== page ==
These case studies demonstrate that use of Gateway to American Government had a statistically positive effect on a relevant outcome (Civics EOC scores) in helping students to achieve success.

Summary of the Book

There is no right or wrong way for organizing the many topics in this book, but we take the approach described below. In fact, however, these chapters can be used in almost any order a teacher wishes to take in order to conform to his or her district’s syllabus.

Chapter 1. Our Classical Heritage
(SS.7.C.1.1 & SS.7.C.1.2)
The book begins by examining the roots of our sys­tem of democratic government in England and colonial times. Students learn how English traditions and new ideas in Europe in the 17th and 18th cen­turies led people to develop more democratic forms of government. The English colonies, far from Euro­pean rulers, provided fertile ground for these new ideas to take shape.

Chapter 2. English Rights and Enlightenment Ideas
(SS.7.CG.1.2, SS.7.CG.1.3, SS.7.CG.1.4)
The book/program next examines English traditions and the European Enlightenment and their impact on the colonists who founded the American constitutional republic. Students learn how English traditions and new ideas in Europe in the 17th and 18th cen¬turies led people to develop more democratic forms of government. The English colonies, far from Euro¬pean rulers, provided fertile ground for these new ideas to take shape. Students consider Magna Carta, the Mayflower Compact, the English Bill of Rights, John Locke’s Social Contract, Montesquieu’s separation of powers, and Thomas Paine’s support for representative self-government. They also consider religious liberty as a protected right and the fundamental principles underlying America’s founding ideas.

Chapter 3. Americans Declare Their Independence
(SS.7.CG.1.5, SS.7.CG.1.6)
In this chapter, students learn about the American Revolution and the Declaration of Independence. Students examine British policies after the French and Indian War, the British attempt to tax the colonists (Stamp Act, Townshend Acts and Tea Act), colonial concerns, and British responses to those concerns (Declaratory Act, Quartering Act, Intolerable Acts). Students learn how these disagreements between the American colonists and the British government led to the outbreak of armed conflict, and the colonists’ decision to become independent. Then they analyze the ideas and colonial grievances found in the Declaration.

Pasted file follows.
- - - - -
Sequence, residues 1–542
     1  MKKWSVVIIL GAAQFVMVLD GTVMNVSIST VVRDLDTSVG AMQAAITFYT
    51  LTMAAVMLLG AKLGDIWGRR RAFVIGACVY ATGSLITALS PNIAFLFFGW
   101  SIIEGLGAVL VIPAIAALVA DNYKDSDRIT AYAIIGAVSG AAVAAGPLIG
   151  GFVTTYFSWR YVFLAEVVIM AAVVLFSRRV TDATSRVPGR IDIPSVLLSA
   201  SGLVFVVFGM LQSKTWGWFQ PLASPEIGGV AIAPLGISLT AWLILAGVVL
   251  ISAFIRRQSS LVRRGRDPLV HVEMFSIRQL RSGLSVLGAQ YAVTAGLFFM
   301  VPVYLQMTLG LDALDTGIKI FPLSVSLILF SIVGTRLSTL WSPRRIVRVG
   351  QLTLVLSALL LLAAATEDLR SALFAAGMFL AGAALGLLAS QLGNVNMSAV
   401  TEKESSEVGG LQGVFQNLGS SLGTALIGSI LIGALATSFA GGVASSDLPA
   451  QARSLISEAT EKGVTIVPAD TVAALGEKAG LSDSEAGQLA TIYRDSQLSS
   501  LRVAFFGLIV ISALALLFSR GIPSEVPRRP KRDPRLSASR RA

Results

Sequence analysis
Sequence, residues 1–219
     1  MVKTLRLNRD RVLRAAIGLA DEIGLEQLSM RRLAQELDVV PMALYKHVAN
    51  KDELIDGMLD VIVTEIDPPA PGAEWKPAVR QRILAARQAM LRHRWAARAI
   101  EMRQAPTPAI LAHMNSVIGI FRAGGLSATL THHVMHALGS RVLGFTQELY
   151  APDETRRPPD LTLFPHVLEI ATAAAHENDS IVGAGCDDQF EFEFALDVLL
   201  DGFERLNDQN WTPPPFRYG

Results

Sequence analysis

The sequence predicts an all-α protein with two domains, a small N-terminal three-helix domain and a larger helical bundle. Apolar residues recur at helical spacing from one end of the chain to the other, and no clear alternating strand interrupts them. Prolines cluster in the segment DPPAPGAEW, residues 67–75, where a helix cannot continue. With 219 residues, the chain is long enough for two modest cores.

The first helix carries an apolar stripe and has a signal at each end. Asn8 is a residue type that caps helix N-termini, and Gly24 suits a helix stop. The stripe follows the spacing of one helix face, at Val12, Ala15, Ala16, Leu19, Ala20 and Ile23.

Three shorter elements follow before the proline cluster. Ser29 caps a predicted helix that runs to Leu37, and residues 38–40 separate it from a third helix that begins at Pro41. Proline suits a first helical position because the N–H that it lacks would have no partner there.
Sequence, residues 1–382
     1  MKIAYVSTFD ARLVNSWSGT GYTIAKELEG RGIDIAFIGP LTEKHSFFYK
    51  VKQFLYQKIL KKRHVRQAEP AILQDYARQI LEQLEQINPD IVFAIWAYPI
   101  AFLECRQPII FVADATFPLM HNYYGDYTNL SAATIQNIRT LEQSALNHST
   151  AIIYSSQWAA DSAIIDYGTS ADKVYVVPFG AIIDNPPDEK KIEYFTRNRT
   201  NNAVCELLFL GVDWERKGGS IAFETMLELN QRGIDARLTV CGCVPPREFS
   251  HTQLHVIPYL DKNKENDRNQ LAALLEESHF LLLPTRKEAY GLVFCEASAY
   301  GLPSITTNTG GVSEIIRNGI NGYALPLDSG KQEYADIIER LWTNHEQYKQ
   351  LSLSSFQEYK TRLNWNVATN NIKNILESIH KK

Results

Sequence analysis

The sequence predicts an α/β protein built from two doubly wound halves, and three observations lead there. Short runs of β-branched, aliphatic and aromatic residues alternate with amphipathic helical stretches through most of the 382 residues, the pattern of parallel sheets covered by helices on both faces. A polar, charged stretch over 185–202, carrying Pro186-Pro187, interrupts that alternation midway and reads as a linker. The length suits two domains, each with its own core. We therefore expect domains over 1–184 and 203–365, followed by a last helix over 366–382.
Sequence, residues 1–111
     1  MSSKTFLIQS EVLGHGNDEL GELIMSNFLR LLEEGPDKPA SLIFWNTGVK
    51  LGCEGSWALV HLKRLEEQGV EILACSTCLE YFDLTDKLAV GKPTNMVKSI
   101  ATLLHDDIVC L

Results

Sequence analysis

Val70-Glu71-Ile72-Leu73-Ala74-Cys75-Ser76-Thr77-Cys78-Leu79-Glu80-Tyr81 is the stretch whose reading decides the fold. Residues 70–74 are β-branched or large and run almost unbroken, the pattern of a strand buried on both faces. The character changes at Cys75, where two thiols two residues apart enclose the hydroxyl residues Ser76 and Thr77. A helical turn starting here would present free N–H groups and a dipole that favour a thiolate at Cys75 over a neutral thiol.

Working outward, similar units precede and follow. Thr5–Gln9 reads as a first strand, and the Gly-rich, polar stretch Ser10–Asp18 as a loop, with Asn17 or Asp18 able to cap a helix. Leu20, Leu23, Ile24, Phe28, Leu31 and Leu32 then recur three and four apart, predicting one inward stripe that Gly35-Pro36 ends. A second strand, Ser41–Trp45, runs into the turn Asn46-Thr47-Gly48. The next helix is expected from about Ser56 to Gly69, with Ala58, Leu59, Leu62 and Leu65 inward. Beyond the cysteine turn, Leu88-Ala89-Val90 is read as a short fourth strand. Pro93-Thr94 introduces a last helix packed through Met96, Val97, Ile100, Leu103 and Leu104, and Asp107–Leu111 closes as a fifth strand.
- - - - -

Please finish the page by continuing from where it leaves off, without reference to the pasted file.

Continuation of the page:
Chapter 4. The Story of Our Constitution
(SS.7.CG.1.7, SS.7.CG.3.3, SS.7.CG.3.14)
After achieving independence, each colony became a new state. Americans also faced the problem of designing a national sys¬tem of government that would be effective but that would still respect individual rights. Our first national government, created by the Articles of Confederation, proved to be too weak. In this chapter, students learn how the weaknesses of the Articles of Confederation led delegates from 12 states to draft the U.S. Constitution.  They learn what was discussed at the Constitutional Convention, what the delegates agreed upon, how they compromised on the issue of representation in Congress.

Chapter 5. A Quick Tour of the Constitution
(SS.7.CG.1.8, SS.7.CG.1.9, SS.7.CG.1.10, SS.7.CG.3.3, SS.7.CG.3.4)
In this chapter, students are provided with an overview of the basic structure of the Constitution and the branches of our national government. They analyze the Preamble and look at summaries of the other articles. They learn that the authors of the U.S. Constitution introduced several constitutional principles to make sure our national government was strong enough but not oppressive: limited government, the separation of powers, checks and balances, the rule of law, due process of law, individual rights and federalism. The result was the system of government we still have today—with its separate legislative, executive and judicial branches, and its division of power between our national government and the state governments.  Students look at the ratification debates between Federalists and Anti-Federalists and how these led the later addition of  the Bill of Rights. Finally they consider the global impact of the U.S. Constitution—how our Constitution has affected other nations around the world.